A study by researchers at the University of Colorado Boulder has found that adolescents who play contact sports, including football, are no more likely to experience cognitive impairment, depression or suicidal thoughts in early adulthood than their peers.
The extensive study, which was published this month in the Orthopaedic Journal of Sports Medicine, followed nearly 11,000 for 14 years and concluded that those who play sports are actually less likely to suffer from mental health issues by their late 20s to early 30s.
“There is a common perception that there’s a direct causal link between youth contact sports, head injuries and downstream adverse effects like impaired cognitive ability and mental health,” said lead author Adam Bohr, PhD, a postdoctoral researcher in the Department of Integrative Physiology. “We did not find that.”
The study is unique in that it is one of the few that looked specifically at adolescent participation in contact sports.
“When people talk about NFL players, they are talking about an elite subset of the population,” senior author Matthew McQueen, an associate professor of integrative physiology, told CU Boulder Today. “We wanted to look specifically at kids and determine if there are true harms that are showing up early in adulthood.”
The study analyzed data from 10,951 participants in the National Longitudinal Study of Adolescent to Adult Health, a representative sample of youth in seventh through 12th grades who have been interviewed and tested repeatedly since 1994.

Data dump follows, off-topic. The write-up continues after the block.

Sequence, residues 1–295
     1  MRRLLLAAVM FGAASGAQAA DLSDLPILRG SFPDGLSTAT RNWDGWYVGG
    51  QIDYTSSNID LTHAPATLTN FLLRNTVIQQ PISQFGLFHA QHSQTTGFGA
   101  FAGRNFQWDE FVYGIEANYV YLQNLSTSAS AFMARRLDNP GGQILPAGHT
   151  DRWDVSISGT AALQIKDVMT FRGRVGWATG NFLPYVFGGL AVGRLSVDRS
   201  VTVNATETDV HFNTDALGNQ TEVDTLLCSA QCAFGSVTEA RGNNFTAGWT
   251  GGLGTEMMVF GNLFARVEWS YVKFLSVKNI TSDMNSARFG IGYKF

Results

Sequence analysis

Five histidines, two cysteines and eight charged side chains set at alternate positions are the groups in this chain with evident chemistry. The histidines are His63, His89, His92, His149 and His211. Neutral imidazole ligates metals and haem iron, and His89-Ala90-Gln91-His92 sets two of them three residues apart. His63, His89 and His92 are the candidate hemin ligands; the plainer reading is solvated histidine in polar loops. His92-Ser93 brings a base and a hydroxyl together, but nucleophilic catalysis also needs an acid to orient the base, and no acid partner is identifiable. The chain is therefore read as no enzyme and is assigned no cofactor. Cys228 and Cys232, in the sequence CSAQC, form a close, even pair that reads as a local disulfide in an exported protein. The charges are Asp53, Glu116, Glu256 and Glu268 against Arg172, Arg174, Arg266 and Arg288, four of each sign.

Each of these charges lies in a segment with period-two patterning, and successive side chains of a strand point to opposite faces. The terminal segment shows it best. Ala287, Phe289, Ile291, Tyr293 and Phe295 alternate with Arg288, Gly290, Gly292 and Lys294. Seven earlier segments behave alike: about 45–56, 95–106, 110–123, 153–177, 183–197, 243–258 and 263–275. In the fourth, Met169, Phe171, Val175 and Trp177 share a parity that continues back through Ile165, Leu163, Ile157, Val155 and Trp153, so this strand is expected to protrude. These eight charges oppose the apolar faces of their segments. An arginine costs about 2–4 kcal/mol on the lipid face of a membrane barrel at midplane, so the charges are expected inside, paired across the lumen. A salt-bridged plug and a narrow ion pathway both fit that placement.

Participants were categorized into groups: those who, in 1994, said they intended (during the upcoming year) to participate in contact sports; those who intended to play non-contact sports; and those who did not intend to play sports. Among males, 26 percent said they intended to play football.
“We were unable to find any meaningful difference between individuals who participated in contact sports and those who participated in non-contact sports. Across the board, across all measures, they looked more or less the same later in life,” said Bohr.
Football players – for reasons that are not clear – actually were less likely to be depressed in early adulthood compared to other groups.
“Right now, football is in many ways being compared to cigarette smoking – no benefit and all harm,” said McQueen, who is also director for the Pac-12 Concussion Coordinating Unit. “It is absolutely true that there is a subset of NFL players who have experienced horrible neurological decline, and we need to continue to research to improve our understanding of that important issue.”